There’s a lot of agitation today because Twitter broke under the message volume generated during Steve Jobs’ Macworld keynote. I don’t know what that volume was, but I just checked the lower volume of tweets (i.e., updates) going through the “public timeline” (i.e., everything) twice, and both times it was under 200 messages per minute. So, let’s say there’s a much higher volume at peak times, and also hypothesize that Twitter would like to grow a lot, and say that Twitter would like to handle 10-100,000 messages/minute – i.e., 1000+/second — as soon as possible.
That’s easy using CEP (Complex Event Processing). A Twitter update is just a string of 140 or fewer characters. It is associated with three pieces of metadata – author, time, and mode of posting. It should be visible in real time to any of the author’s “followers,” as well as in a single public timeline; perhaps there will be other kinds of Twitter channels in the future. In most cases, these updates are only visible to a user upon page refresh. Almost n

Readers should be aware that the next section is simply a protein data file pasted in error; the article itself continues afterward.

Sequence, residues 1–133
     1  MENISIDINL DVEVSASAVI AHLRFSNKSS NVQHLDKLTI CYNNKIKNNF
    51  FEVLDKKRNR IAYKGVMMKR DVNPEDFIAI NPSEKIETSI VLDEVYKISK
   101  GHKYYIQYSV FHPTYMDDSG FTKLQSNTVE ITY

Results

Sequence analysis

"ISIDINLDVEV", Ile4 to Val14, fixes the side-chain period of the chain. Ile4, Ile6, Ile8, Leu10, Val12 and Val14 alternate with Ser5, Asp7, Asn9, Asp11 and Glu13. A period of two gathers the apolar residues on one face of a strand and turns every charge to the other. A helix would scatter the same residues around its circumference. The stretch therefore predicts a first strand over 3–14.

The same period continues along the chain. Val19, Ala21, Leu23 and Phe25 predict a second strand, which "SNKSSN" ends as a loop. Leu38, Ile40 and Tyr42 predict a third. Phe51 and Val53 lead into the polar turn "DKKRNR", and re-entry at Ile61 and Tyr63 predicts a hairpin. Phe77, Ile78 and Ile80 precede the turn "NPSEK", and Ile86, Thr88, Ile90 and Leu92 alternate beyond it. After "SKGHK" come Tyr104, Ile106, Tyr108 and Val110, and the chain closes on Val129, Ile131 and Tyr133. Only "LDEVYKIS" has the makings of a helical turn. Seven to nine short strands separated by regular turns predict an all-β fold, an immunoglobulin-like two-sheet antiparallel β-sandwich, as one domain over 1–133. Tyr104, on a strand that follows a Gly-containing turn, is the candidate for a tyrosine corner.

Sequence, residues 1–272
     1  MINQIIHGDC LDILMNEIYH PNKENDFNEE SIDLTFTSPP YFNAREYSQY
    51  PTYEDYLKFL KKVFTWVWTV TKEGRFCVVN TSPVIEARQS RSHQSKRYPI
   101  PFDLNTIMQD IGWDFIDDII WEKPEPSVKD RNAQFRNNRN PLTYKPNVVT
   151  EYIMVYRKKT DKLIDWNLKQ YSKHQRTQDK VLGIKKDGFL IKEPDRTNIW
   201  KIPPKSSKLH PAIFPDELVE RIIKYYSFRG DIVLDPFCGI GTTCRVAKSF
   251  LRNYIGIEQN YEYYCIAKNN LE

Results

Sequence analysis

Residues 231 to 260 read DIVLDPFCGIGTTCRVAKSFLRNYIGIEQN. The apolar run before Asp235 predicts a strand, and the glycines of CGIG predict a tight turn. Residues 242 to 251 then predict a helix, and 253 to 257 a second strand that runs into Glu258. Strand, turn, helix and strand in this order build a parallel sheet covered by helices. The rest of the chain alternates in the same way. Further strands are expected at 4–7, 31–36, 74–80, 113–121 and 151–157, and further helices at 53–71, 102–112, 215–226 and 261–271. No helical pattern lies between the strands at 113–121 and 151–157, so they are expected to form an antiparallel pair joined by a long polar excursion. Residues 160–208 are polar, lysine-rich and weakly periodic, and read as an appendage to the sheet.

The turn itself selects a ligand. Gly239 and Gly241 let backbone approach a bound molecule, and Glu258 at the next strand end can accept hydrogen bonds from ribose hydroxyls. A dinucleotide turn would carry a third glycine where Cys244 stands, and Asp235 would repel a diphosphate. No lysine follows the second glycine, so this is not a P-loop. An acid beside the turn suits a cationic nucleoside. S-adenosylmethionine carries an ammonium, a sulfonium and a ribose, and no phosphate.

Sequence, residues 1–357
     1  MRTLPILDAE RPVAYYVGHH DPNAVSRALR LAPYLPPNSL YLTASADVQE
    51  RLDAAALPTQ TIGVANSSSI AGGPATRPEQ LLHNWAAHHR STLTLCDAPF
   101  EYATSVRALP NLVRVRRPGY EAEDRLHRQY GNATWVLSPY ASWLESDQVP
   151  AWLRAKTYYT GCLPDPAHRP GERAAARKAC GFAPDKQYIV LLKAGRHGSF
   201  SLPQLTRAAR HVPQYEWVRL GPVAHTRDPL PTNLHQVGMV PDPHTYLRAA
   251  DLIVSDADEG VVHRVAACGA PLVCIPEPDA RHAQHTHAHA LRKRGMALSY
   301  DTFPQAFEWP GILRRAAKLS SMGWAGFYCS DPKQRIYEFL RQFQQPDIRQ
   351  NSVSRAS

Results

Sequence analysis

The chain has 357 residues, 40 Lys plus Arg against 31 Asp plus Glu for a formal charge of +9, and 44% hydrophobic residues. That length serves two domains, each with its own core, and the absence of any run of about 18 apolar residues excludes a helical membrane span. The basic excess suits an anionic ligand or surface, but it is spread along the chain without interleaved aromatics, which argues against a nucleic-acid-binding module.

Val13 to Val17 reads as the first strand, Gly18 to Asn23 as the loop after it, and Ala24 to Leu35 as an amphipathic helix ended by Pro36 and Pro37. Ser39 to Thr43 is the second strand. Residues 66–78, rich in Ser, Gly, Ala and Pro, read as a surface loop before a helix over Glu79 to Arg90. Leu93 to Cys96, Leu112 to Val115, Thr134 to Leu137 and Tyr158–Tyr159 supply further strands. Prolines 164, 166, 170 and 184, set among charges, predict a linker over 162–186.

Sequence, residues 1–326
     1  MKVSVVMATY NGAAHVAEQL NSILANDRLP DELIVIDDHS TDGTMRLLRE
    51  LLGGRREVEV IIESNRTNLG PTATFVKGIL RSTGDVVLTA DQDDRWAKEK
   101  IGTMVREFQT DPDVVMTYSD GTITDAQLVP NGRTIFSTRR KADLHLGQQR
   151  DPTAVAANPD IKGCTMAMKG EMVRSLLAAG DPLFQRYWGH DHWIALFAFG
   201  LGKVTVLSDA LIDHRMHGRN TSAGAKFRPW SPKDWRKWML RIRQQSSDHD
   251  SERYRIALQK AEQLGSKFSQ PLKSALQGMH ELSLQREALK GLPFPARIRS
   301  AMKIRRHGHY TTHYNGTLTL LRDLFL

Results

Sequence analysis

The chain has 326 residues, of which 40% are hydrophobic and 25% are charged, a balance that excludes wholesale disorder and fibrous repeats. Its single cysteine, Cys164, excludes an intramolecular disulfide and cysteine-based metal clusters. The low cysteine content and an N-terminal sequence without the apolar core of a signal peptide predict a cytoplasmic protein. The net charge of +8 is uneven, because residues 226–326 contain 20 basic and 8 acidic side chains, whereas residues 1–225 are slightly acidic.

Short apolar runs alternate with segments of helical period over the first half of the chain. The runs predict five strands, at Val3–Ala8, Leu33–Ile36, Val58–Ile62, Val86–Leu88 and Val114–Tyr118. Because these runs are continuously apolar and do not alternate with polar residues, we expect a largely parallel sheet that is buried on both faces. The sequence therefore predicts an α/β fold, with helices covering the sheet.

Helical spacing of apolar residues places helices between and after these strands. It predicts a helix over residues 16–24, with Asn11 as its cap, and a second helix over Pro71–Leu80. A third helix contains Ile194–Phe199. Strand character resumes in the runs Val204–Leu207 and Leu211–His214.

No Twitter user seems to have more than about 7,000 followers, even Robert Scoble or Evan Williams.* The average number of followers, at least among active updaters, is probably in the low hundreds now. So basically, this is all a heckuva lot easier than the tick-monitoring systems Wall Street firms are using today.
I believe there’s a hard cap of 7,500, but nobody seems to have bumped against it yet.Twitterholic gives a different figure than Twitter does for Scoble. And it correctly shows Dave Troy with a little over 10,000.
Here’s how to implement that. You start with a complex event/stream processing engine like StreamBase or Coral8, both of which can handle a large multiple of that volume without working up a sweat. And you basically do everything in RAM. 6 million messages per hour of under 200 bytes each? Not a lot of RAM needed for that. A set of 25 or so recent messages cached for each of, say, the 100,000 or 1 million most recent users? Also not a whole lot of RAM. And if you push out aged messages and replace them with more recent message IDs, the cache gets smaller. Banging things to disk for persistence is an exercise left to the reader.
Meanwhile, Dave Winer views Twitter as a distributed computing challenge and Larry Dignan asks whether Twitter needs to be reliable at all (he leans to “Yes” because of the new apps that would open up).